The Crew Report was very kindly copied into an email from Herbert Magney, captain of Heesen’s 44m motoryacht At Last, to his crew, advising them to start thinking about how they would plan their hours of work and rest as required under Regulation 2.3 of the Maritime Labour Convention 2006 (MLC). Captain Magney was happy for his email to be shared with The Crew Report’s readers, with a view to improve other crewmembers’ understanding of the importance of this particular facet of the Convention.

Hello all crew,

Everyone needs to start thinking how they will manage their work and service responsibilities which need to be done, and the regulated hours of work and rest which will soon be enforced.

We will be installing fingerprint scanners on board and this will be connected to the Triton database for tracking an individual’s hours of work and rest.

The hours of work and rest are in the publication on board and they can be found easily online.

Start thinking now of how your day will need to be structured to accommodate this change.

There will not be anymore work days longer than 14 hours, except in emergencies as determined by the master.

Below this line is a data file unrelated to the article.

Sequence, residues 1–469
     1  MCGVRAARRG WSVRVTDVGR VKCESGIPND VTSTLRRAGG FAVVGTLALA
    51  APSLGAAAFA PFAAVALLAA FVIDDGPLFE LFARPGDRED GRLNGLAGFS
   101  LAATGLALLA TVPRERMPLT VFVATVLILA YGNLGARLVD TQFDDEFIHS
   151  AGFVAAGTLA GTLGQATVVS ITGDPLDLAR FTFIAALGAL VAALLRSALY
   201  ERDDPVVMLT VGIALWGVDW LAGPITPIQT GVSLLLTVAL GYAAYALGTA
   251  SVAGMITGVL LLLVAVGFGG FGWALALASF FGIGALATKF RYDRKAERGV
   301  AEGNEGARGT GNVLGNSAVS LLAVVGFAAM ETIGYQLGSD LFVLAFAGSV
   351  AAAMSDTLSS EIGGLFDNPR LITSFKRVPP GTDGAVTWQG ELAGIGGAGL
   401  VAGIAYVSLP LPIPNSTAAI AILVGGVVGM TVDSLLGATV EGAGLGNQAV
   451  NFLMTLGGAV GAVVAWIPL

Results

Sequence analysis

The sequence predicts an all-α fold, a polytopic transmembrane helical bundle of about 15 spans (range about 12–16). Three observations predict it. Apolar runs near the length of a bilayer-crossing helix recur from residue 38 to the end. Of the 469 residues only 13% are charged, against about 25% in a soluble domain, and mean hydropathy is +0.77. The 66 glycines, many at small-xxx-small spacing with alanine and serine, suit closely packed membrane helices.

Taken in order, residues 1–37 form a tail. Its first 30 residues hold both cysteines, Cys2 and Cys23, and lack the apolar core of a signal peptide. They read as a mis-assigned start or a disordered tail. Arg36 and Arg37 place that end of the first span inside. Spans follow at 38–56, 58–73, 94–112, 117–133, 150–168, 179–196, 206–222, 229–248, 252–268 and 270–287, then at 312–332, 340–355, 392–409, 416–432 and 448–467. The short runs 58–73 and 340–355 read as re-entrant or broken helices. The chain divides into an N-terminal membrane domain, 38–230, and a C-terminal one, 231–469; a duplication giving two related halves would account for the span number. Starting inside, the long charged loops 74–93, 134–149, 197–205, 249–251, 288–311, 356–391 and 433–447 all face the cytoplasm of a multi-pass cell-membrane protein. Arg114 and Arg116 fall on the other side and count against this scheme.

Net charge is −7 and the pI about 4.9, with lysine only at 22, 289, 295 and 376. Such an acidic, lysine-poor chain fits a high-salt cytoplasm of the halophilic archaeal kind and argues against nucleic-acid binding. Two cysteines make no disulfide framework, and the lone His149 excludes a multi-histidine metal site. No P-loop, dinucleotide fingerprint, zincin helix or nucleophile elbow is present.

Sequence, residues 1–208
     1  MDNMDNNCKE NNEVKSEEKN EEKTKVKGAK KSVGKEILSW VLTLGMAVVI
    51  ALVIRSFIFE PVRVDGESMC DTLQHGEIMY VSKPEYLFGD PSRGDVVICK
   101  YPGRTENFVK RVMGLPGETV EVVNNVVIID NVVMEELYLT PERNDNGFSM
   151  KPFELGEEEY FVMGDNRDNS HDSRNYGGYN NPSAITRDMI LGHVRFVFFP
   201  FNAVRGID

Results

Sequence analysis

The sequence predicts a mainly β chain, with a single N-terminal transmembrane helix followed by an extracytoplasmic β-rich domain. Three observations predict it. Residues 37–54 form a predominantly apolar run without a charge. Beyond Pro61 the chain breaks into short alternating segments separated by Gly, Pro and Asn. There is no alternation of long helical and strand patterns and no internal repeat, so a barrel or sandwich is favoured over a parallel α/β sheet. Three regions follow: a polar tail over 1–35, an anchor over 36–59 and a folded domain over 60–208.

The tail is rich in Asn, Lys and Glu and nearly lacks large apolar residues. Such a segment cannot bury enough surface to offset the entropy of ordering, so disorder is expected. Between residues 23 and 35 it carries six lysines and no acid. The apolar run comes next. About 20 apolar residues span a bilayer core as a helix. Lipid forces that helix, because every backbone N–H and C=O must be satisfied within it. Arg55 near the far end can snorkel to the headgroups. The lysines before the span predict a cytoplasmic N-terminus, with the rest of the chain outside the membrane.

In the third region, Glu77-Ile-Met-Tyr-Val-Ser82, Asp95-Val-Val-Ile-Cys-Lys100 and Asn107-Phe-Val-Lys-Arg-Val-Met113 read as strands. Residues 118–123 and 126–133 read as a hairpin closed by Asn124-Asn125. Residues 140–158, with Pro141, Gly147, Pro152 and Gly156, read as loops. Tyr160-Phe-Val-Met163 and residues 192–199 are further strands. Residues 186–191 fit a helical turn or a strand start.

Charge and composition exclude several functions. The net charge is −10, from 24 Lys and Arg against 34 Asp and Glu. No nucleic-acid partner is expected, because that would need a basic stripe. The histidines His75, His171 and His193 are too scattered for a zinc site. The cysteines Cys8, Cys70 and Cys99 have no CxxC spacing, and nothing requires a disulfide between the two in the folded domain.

One thing to remember, during your time not working and required sleep time you can be involved in activities like;
Being at a beach barbeque
Riding jet skis
Visiting with guests
Going on hikes or into town

These are elective times to be used as best suited for yourself and your future growth.

A lot to think about.



Speaking to Captain Magney about this email, he told The Crew Report: “My practice is to have all of my crew involved in the implementation of this new set of rules and empower them to create a plan. Then I will sort through the schedules and ideas, and create a policy which then gets enforced. This way they will take ownership of the programme from the start.

“The method of using fingerprint scanners greatly reduces the opportunity for fraudulent entries into a log book made by someone else and makes the mariner responsible for their actions.”

Captain Magney proves the prime example of what a captain needs to do for his crew in the context of the regulatory changes that are fast approaching. Unfortunately there are a number of captains who are shirking responsibility of their crew in this manner, but here we see how a captain can help his crew get to grips with the MLC and encourage them to take responsibility for themselves in a professional manner.